ASN logo
ASN Wikibase Occurrence # 30988
Last updated: 1 May 2020
This information is added by users of ASN. Neither ASN nor the Flight Safety Foundation are responsible for the completeness or correctness of this information. If you feel this information is incomplete or incorrect, you can submit corrected information.

Date:23-MAR-1998
Time:07:40 PST
Type:Silhouette image of generic UH1 model; specific model in this crash may look slightly different
Bell 205A-1
Owner/operator:City of Los Angeles
Registration: N90230
C/n / msn: 30221
Fatalities:Fatalities: 4 / Occupants: 6
Other fatalities:0
Aircraft damage: Written off (damaged beyond repair)
Category:Accident
Location:Los Angeles, California -   United States of America
Phase: En route
Nature:Ambulance
Departure airport:Los Angeles Intl Airport (LAX/KLAX), CA
Destination airport:
Investigating agency: NTSB
Narrative:
During an air ambulance flight in the public-use helicopter, the tail rotor and gearbox separated from the helicopter. The pilot autorotated to a forced landing. During the descent over mountainous terrain, the helicopter collided with trees and impacted hard terrain on its left side which crushed inward. The operator's policy required all crewmembers to wear helmets during flight. Helmets were not provided for the two paramedics. During the crash sequence, the passenger seat stanchions and tubing buckled, which resulted in multiple lap belt anchor point separations and the catapulting of crew members into the overhead cockpit panel.

Safety Board survival factors documentation in conjunction with helmet crashworthiness analysis revealed helicopter impact forces were within human tolerance. The lack of and/or inadequate strength helmets and the lap belt anchor point failures allowed crew members' excursions resulting in head trauma.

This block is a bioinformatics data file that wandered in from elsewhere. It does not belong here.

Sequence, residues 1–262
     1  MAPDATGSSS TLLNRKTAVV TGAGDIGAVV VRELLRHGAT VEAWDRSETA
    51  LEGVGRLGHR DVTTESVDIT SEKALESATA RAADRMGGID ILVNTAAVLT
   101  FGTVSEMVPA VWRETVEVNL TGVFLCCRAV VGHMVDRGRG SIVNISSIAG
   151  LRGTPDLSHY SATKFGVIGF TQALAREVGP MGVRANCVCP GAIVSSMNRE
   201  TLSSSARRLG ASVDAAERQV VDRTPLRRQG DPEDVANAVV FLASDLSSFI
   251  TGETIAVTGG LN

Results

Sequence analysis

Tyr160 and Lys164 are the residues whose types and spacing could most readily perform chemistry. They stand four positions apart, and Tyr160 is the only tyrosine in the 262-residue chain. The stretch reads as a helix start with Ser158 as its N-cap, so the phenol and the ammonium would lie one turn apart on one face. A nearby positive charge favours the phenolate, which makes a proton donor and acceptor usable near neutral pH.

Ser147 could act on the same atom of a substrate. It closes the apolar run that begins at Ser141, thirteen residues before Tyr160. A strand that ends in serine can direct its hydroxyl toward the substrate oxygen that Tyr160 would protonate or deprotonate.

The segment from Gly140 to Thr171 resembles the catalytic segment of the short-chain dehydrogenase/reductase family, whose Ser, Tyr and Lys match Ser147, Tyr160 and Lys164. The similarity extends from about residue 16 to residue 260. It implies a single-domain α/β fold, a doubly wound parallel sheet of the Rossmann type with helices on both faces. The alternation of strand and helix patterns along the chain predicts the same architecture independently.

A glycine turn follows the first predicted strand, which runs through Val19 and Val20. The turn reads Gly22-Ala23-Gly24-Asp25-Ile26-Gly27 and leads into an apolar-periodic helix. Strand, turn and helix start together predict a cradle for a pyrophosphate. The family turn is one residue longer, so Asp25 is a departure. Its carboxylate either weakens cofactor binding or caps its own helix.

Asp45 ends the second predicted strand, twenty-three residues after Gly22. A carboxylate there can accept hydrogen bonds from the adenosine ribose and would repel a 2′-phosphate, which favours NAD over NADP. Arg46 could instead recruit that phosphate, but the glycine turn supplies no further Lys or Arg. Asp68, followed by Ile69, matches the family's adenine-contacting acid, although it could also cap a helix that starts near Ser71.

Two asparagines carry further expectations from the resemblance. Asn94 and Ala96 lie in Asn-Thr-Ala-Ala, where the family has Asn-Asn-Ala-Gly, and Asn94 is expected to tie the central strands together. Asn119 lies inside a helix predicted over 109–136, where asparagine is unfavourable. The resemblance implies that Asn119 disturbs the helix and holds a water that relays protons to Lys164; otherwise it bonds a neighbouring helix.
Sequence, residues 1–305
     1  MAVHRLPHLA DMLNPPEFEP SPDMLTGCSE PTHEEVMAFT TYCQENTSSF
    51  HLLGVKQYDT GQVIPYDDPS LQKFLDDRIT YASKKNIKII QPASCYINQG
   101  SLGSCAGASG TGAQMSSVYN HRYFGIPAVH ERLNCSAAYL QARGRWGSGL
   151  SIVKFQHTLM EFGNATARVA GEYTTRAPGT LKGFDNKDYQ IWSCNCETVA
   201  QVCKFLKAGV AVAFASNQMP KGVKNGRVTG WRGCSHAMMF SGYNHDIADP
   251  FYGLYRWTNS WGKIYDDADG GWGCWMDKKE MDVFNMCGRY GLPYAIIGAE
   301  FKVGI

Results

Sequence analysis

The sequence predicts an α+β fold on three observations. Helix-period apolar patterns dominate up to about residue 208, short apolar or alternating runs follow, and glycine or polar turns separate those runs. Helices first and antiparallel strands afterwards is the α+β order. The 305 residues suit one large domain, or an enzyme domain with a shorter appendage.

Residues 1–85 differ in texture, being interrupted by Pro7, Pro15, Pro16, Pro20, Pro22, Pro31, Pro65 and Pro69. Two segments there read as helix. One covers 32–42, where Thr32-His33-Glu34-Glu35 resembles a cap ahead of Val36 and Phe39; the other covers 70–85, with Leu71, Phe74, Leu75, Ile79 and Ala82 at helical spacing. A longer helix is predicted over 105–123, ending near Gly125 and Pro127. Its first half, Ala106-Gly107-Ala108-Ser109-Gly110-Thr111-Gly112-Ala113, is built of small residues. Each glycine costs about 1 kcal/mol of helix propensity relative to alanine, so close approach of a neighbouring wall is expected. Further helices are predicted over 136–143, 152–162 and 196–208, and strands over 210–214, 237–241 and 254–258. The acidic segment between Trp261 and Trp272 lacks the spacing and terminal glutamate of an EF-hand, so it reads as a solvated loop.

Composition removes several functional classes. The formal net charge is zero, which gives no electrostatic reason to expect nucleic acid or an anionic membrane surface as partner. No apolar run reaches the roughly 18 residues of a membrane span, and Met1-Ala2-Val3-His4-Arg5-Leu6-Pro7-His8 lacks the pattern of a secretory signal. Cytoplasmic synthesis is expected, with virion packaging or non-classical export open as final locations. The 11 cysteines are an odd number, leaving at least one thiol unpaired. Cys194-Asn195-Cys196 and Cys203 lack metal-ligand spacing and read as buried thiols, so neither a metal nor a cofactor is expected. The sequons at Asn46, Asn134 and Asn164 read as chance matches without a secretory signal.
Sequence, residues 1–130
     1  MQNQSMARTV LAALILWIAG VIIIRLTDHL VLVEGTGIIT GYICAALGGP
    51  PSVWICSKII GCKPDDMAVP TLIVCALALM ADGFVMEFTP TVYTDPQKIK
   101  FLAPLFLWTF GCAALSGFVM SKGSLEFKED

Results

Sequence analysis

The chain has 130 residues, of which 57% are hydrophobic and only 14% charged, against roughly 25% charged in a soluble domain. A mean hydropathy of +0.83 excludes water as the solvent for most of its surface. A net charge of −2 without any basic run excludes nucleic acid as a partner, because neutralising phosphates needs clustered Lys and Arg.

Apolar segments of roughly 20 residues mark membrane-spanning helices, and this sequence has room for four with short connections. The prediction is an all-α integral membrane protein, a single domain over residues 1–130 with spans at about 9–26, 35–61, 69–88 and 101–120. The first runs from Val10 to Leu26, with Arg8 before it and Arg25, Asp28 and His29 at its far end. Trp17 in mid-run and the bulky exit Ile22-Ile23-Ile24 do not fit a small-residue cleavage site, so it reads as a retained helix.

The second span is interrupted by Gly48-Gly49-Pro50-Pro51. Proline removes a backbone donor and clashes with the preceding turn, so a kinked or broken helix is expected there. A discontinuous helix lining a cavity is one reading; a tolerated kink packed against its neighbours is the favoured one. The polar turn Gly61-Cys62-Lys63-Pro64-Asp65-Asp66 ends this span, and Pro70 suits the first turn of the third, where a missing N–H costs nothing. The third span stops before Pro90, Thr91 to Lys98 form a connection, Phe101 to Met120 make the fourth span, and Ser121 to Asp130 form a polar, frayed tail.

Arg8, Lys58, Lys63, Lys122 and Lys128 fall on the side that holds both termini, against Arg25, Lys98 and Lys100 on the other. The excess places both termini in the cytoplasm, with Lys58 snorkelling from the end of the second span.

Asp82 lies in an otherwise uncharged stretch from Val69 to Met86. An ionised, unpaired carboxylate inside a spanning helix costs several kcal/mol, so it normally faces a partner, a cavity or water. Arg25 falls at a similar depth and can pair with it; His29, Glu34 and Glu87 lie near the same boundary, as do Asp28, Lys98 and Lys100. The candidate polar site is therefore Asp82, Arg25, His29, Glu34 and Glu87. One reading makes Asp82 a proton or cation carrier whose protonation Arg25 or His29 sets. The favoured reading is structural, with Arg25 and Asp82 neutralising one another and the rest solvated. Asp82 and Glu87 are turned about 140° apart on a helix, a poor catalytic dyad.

The tail rotor component separations in flight resulted from a fatigue crack originating in the surface of the yoke onto which the tail rotor blades had been attached. In 1996, Bell issued an lert Service Bulletin (ASB) number 205-96-68, which was designed to measure yoke deformation resulting from adverse in-flight or ground handling operations which imposed excessive bending loads.

The test protocol was found problematic in its accuracy due to technical errors in the bulletin and a lack of clarity. City mechanics failed to adhere to all of the ASB's requirements. The bent yoke fractured at a total time in service of approximately 4,113 hours, about 117 hours after its inspection for evidence of deformation. The yoke's stainless steel composition and requisite metallurgical properties were confirmed by the Safety Board. An x-ray diffraction examination of the yoke revealed reduced compressive residual stress in the fracture origin region which allowed operational loads to initiate and propagate the fatigue crack.

This significant reduction of the residual stress was likely due to excessive flexure (bending) of the yoke. The initiating event which overstressed and bent the yoke was not identified

Sources:

http://dms.ntsb.gov/aviation/AccidentReports/divl0f3v3zwwjircfnn3ui451/J10312011120000.pdf


Revision history:

Date/timeContributorUpdates
27-Sep-2008 01:00 ASN archive Added
31-Oct-2011 14:42 Dr. John Smith Updated [Time, Total fatalities, Total occupants, Other fatalities, Location, Country, Phase, Nature, Departure airport, Damage, Narrative]
31-Oct-2011 14:43 Dr. John Smith Updated [Source]

Corrections or additions? ... Edit this accident description